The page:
March 12, 2020
The University of Washington has reported two coronavirus cases in its psychiatric ward. Following the positive tests, all 22 patients were tested but results have not come back yet. It is unclear how the patients were initially infected.
The university is expecting to see an increase in COVID-19 patient in coming weeks, and is working to secure enough personal protective gear for its staff. It is also helping the state tests it’s backlog of tests.
Swedish Medical Systems also announced on Thursday afternoon that all visitor trips to their hospitals and campuses would be suspended until further notice.
King County has issued guidance to all workplaces, and specifically retail establishments, to help slow the spread of the coronavirus outbreak.
These include encouraging staff to work from home, expanding sick leave policies and implementing distancing measures like staggering work schedules. Large work gatherings should be cancelled and all non-essential work travel should be postponed.
Additionally, there should be regular health checks on arrival each day for staff and visitors, which includes temperature readings and lung symptom screening.
Further recommendations include to stop shaking hands, cleaning hands at the door and frequently past that and disinfecting high-touch areas, among other recommendations.
The Seattle Times reported that Gov. Jay Inslee will announce the closures of all K-12 schools, public and private, in King, Snohomish and Pierce counties. The closures will be from March 17 through April 24, according to the Seattle Times.
A total of 563,600 students attend public or charter schools in those three counties.
The Washington State Department of Health (DOH) confirmed that an employee working at the department’s Tumwater campus has tested positive for COVID-19.
According to a DOH press release, the employee was last at work on March 6 and had no symptoms. Over the weekend, they began feeling unwell and followed up with their doctor. They took immediate action to isolate themselves, which drastically reduced exposure to others.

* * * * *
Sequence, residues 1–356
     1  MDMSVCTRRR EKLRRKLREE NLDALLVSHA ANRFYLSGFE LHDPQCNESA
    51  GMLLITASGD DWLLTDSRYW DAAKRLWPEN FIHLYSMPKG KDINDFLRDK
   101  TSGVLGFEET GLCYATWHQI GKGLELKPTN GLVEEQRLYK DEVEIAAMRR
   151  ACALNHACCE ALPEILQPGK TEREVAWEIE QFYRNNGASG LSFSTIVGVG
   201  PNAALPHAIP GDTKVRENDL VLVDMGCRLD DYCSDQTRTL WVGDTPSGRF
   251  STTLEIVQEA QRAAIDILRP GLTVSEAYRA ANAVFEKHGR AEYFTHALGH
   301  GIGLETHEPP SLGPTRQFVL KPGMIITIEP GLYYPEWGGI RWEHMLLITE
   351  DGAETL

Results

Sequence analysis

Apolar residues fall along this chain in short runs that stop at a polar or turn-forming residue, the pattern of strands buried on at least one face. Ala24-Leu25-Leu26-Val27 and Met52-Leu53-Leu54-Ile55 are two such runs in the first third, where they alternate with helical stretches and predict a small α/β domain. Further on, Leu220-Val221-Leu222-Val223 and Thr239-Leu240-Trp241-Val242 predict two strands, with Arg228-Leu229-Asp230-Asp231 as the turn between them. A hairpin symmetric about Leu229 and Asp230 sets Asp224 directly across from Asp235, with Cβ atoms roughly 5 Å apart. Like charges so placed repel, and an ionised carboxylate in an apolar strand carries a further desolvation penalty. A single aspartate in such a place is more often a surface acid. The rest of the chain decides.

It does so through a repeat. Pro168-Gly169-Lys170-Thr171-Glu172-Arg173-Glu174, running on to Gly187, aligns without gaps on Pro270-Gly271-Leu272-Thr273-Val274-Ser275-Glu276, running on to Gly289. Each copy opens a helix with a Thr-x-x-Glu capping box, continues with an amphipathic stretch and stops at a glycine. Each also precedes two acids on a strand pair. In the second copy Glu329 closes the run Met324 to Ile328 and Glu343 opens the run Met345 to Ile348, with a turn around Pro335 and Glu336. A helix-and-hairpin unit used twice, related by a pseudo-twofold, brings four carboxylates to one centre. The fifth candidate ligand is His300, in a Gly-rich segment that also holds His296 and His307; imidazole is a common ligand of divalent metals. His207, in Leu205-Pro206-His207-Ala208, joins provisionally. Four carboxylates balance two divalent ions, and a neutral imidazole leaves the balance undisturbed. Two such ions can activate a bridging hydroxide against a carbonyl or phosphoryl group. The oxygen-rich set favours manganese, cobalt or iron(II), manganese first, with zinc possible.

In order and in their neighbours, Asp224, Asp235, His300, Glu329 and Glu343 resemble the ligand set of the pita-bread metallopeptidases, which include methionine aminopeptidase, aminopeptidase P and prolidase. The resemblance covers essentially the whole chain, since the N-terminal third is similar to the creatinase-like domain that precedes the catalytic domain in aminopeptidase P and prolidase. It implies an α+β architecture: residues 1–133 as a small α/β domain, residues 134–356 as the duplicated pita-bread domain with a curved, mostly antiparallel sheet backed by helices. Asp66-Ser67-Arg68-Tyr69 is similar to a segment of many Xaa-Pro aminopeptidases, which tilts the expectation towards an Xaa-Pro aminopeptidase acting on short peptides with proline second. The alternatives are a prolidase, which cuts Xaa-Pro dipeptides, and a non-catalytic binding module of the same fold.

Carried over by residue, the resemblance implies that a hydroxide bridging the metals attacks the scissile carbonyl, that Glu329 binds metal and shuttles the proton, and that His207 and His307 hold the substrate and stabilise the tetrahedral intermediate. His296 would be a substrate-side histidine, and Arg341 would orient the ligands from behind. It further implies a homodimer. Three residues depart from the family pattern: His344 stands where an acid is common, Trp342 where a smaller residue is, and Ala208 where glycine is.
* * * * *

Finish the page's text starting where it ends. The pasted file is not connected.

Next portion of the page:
The employee will remain at home away from others until they recover. DOH leadership will stay in touch throughout the recovery process to make sure they get the care they need.
The release states that the employee and DOH leadership are working with Thurston County Public Health and Social Services on contact tracing. Thurston County is in touch with about 10 DOH employees who were considered to be close contacts. Anyone determined to have had close contact will be asked to self-quarantine at home for 14 days. DOH has also thoroughly cleaned and disinfected the few places the employee worked last week.
DOH has been preparing for the possibility that employees might test positive for COVID-19 or need to self-quarantine since the beginning of the response. The department will continue to follow its own guidance for employers and take every precaution to prevent the spread of COVID-19, including increasing routine cleaning and encouraging staff who can work remotely to do so.
DOH notified its employees of the situation this morning and provided resources on COVID-19 and mental health resources available for employees. DOH is asking employees and others to practice compassion and respect for the privacy of this employee and others who may be self-quarantined.
Four South King Fire and Rescue firefighters have been quarantined after potentially being exposed to the novel coronavirus. The firefighters are not showing symptoms, but may have been exposed after responding to a service call.
The firefighters will remain in quarantine for 14 days, after which time they will be released if they are not showing symptoms.
Congresswoman Kim Schrier, D-Wash., Eighth District, has introduced legislation requiring all health insurance plans to cover the full cost of COVID-19 testing for U.S. consumers.
The No Cost for COVID-19 Testing Act codifies the promises made by insurers to cover the virus at no cost to patients and fills potential gaps in coverage for people in self-insured plans. More info here.
Gov. Jay Inslee will hold a press conference at 2 p.m. today to outline new guidelines for schools.
The Centers for Disease Control have given Washington state nearly $11.5 million to support COVID-19 response.
The funding comes from the federal Coronavirus Preparedness and Response Supplemental Appropriation Act, which contains $8.3 billion in response funding.
President Trump announced last night that there would be further assistance for businesses, including an employer payroll tax breaks. He announced travel to and from Europe would also be ended on Friday.